The Phoenix lander team revealed the latest images from the mission at a press briefing on Friday. This first image shows an area dug by Phoenix’s scoop, which disclosed a bright surface just a few inches down, which may be ice. “There’s still some debate about the bright material,” said Phoenix Principle Investigator Peter Smith. “Not everyone is sure that this is ice. So there’s been some debate on our team, centering around that perhaps there’s a salt layer just under the soil that also would be bright. Everyone does believe there’s ice under the surface, and whether this is ice or not is the question. The other question is, is this thick ice that goes down deep beneath the surface, or is this a thin layer and we’ll be able to scrape through? So being able to scrape with our scoop is a high priority for us.”
This pair of images taken by the Optical Microscope on NASA’s Phoenix Mars Lander offers a side-by-side comparison of an airfall dust sample collected on a substrate exposed during landing (left) and a soil sample scooped up from the surface of the ground beside the lander. In both cases the sample is collected on a silicone substrate, which provides a sticky surface holding sample particles for observation by the microscope.
Similar fine particles at the resolution limit of the microscope are seen in both samples, indicating that the soil has formed from settling of dust.
The microscope took the image on the left during Phoenix’s Sol 9 (June 3, 2008), or the ninth Martian day after landing. It took the image on the right during Sol 17 (June 11, 2008).
The scale bar is 1 millimeter (0.04 inch).
While we can’t look inside the Thermal and Evolved Gas Analyzer (TEGA) oven which will “bake” the Martian soil to test the type of gases that are released, we can see that some of the soil has gone into TEGA. “We were finally successful and some of the material has slid down over the screen” said Smith, “sort of like material going over a cheese grater, and some of the material has slid down and filled the oven. We sent the commands for the first operation of TEGA last night, but we don’t have our data back yet, so we can’t report on any results. That will be coming later next week. So this is a very exciting time for us. We find the soil is very clumpy, it’s sticky, it’s an unusual soil not at all like the types of soils we used in our tests, which worked just fine with all the instruments. So we’ve developed another method of collecting samples, which is to tilt the scoop and vibrate it, and so it shakes down a small amount of material onto the instruments.”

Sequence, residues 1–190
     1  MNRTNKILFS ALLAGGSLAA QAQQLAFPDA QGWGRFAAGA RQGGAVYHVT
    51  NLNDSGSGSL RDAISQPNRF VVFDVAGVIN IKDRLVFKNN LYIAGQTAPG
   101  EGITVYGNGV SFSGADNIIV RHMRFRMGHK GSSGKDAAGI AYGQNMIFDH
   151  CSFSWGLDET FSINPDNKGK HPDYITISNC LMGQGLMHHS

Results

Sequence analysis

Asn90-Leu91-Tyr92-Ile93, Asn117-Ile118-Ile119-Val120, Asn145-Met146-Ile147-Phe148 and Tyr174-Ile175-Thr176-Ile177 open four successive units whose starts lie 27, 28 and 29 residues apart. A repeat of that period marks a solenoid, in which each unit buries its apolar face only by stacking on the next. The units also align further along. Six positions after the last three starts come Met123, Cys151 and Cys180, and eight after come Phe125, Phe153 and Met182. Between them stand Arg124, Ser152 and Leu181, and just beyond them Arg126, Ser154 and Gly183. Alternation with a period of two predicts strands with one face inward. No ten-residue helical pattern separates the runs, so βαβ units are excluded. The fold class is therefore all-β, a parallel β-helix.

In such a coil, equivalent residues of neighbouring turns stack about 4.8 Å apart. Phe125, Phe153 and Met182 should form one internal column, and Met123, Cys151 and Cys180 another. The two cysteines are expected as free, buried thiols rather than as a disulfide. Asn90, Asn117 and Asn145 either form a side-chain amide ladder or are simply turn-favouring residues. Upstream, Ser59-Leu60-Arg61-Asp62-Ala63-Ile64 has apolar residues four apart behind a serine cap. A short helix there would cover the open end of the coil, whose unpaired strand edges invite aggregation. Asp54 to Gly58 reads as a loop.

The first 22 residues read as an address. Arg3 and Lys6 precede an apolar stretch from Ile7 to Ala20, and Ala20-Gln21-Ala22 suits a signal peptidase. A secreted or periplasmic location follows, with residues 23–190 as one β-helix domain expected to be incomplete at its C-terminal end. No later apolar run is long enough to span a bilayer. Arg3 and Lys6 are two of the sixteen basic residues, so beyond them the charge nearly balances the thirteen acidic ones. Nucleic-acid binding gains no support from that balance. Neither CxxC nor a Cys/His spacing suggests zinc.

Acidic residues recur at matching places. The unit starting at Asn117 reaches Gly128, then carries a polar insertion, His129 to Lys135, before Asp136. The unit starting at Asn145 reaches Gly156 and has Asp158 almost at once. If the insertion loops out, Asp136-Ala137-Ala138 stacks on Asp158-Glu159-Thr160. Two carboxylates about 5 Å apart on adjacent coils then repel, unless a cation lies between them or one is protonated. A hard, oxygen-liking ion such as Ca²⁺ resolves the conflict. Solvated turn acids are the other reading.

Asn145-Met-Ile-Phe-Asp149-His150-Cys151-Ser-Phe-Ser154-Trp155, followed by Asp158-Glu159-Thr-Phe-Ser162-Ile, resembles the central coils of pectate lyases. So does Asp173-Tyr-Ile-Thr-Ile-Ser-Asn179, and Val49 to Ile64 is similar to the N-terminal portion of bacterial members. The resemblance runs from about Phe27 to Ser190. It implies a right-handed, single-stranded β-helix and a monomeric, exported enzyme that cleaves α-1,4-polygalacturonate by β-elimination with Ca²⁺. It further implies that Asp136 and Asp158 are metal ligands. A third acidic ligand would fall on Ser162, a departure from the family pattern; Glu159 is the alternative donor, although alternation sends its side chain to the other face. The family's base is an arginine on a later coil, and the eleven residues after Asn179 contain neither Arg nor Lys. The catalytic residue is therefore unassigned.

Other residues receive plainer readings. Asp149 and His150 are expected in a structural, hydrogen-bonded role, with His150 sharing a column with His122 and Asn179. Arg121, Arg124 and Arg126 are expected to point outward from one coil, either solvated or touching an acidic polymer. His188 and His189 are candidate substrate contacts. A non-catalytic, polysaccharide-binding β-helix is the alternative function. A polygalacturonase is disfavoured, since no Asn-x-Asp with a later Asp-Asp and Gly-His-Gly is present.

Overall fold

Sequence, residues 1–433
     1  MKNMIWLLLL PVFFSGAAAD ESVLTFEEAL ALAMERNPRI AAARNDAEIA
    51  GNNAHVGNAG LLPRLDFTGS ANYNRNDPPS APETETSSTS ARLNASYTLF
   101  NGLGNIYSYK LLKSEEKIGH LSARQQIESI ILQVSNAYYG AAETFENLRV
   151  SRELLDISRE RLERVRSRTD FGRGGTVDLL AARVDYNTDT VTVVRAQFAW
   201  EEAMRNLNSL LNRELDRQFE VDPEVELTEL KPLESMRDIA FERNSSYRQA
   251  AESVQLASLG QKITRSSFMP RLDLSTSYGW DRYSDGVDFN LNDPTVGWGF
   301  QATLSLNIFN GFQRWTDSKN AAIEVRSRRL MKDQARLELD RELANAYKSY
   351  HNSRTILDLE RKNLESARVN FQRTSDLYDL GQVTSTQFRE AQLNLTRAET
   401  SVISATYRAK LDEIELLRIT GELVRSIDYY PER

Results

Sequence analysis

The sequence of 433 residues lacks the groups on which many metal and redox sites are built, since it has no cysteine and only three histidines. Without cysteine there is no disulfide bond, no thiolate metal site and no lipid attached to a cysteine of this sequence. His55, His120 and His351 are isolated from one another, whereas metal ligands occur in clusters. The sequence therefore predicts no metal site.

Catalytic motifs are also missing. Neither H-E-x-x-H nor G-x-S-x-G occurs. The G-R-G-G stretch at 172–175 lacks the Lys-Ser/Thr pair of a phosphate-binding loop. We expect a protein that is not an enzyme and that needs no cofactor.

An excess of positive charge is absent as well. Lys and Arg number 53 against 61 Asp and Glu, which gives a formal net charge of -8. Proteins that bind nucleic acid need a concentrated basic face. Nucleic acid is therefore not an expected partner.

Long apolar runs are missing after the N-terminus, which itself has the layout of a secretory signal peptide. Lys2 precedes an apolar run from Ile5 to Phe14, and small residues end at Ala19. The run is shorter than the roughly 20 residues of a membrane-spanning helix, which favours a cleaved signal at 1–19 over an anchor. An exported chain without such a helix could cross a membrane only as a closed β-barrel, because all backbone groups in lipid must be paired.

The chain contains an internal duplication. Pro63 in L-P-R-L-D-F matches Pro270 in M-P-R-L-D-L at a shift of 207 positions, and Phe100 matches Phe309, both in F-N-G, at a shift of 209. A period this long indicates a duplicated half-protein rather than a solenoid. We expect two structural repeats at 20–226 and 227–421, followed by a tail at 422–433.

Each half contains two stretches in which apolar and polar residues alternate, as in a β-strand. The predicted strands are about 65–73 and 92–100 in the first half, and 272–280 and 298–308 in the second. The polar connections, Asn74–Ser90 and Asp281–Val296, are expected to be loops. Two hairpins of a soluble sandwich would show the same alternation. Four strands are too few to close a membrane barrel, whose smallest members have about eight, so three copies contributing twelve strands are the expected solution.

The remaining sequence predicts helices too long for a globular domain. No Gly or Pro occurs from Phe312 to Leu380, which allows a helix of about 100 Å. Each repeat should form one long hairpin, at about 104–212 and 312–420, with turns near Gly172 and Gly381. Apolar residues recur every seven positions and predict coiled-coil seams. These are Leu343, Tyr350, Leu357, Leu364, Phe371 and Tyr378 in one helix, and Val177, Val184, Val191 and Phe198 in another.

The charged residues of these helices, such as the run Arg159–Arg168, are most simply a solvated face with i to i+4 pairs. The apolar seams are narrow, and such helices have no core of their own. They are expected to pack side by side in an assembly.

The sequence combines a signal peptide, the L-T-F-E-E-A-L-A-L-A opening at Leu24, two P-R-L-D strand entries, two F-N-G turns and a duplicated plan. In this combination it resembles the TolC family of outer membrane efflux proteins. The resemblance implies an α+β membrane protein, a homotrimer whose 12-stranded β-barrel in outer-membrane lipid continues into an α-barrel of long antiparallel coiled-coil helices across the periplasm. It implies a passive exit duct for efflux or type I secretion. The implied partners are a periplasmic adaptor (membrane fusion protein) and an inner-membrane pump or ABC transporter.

A commenter joked that Mars and Minnesota have the same temperatures just about. I’m not going to put that to the test because it’s cold enough here in Upstate NY sometimes to put Siberia to shame!
As for ice or salt, it sure looks salty to me. But another commenter pointed out that white salt is from refinement. I guess we have to wait until next week for the oven test results to come out to verify yay, or nay.
“Does every single star harbor planets and, if yes, how many?” wonders planet hunter Michel Mayor. “We may not yet know the answer but we are making huge progress towards it.” Mayor and his team of European astronomers have found a star which is orbited by at least three planets. Using the High Accuracy Radial velocity Planet Searcher (HARPS) instrument at the ESO La Silla Observatory, they have found a triple system of super-Earths around the star HD 40307. This is the first system known to have at least three planets.Jupiter or Saturn, and current statistics show that about 1 out of 14 stars harbors this kind of planet.
Back in 1995, Mayor, along with Didier Queloz, made the first discovery of an extrasolar planet around 51 Pegasi, and since then more than 270 exoplanets have been found, mostly around sun-like stars.
Most of these planets are giants, such as
“With the advent of much more precise instruments such as the HARPS spectrograph on ESO’s 3.6-m telescope at La Silla, we can now discover smaller planets, with masses between 2 and 10 times the Earth‘s mass,” says Stéphane Udry, one of Mayor’s colleagues. Such planets are called super-Earths, as they are more massive than the Earth but less massive than Uranus and Neptune (about 15 Earth masses).
HD 40307 is slightly less massive than our Sun, and is located 42 light-years away towards the southern Doradus and Pictor constellations.
“We have made very precise measurements of the velocity of the star HD 40307 over the last five years, which clearly reveal the presence of three planets,” says Mayor
Extra-solar planets are definitely common-place. It’s only going to be a matter of time before we find Earth-type ones. When we do find the first one, the pressure to actually send a probe will be enormous, the technical difficulties will be solved real fast.
For better or worse, the stars are calling us.